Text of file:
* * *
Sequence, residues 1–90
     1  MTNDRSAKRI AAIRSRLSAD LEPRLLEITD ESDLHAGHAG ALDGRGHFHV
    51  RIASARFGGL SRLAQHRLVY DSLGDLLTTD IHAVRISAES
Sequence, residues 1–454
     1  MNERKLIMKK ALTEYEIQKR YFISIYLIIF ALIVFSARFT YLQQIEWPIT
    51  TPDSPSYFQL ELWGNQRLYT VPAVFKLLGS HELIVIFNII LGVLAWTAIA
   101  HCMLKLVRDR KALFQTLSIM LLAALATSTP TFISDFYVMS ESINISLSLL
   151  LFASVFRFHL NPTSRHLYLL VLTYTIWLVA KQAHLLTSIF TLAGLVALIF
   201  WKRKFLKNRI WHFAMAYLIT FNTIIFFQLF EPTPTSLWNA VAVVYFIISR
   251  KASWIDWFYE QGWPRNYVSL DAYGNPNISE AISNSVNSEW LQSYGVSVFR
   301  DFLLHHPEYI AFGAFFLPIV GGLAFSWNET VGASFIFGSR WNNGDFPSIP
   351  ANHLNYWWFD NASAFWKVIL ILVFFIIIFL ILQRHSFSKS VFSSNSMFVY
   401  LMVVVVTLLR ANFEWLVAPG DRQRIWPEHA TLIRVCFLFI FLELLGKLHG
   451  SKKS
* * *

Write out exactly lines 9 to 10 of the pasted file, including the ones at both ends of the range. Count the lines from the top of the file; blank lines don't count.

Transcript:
   201  WKRKFLKNRI WHFAMAYLIT FNTIIFFQLF EPTPTSLWNA VAVVYFIISR
   251  KASWIDWFYE QGWPRNYVSL DAYGNPNISE AISNSVNSEW LQSYGVSVFR